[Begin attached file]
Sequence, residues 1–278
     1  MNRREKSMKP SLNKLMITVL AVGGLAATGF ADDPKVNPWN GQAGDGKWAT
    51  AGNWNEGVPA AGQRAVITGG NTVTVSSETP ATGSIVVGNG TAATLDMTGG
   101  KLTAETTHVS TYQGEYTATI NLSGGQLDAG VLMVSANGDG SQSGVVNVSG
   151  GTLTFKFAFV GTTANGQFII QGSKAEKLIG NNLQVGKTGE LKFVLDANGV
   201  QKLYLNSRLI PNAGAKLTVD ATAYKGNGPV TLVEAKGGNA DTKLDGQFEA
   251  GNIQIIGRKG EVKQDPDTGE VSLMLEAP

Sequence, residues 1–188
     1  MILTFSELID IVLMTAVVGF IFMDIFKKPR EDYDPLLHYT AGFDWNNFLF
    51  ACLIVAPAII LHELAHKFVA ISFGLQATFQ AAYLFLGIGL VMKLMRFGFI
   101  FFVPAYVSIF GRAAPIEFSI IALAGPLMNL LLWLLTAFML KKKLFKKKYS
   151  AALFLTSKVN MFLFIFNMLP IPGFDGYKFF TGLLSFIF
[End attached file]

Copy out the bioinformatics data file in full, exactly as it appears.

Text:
Sequence, residues 1–278
     1  MNRREKSMKP SLNKLMITVL AVGGLAATGF ADDPKVNPWN GQAGDGKWAT
    51  AGNWNEGVPA AGQRAVITGG NTVTVSSETP ATGSIVVGNG TAATLDMTGG
   101  KLTAETTHVS TYQGEYTATI NLSGGQLDAG VLMVSANGDG SQSGVVNVSG
   151  GTLTFKFAFV GTTANGQFII QGSKAEKLIG NNLQVGKTGE LKFVLDANGV
   201  QKLYLNSRLI PNAGAKLTVD ATAYKGNGPV TLVEAKGGNA DTKLDGQFEA
   251  GNIQIIGRKG EVKQDPDTGE VSLMLEAP

Sequence, residues 1–188
     1  MILTFSELID IVLMTAVVGF IFMDIFKKPR EDYDPLLHYT AGFDWNNFLF
    51  ACLIVAPAII LHELAHKFVA ISFGLQATFQ AAYLFLGIGL VMKLMRFGFI
   101  FFVPAYVSIF GRAAPIEFSI IALAGPLMNL LLWLLTAFML KKKLFKKKYS
   151  AALFLTSKVN MFLFIFNMLP IPGFDGYKFF TGLLSFIF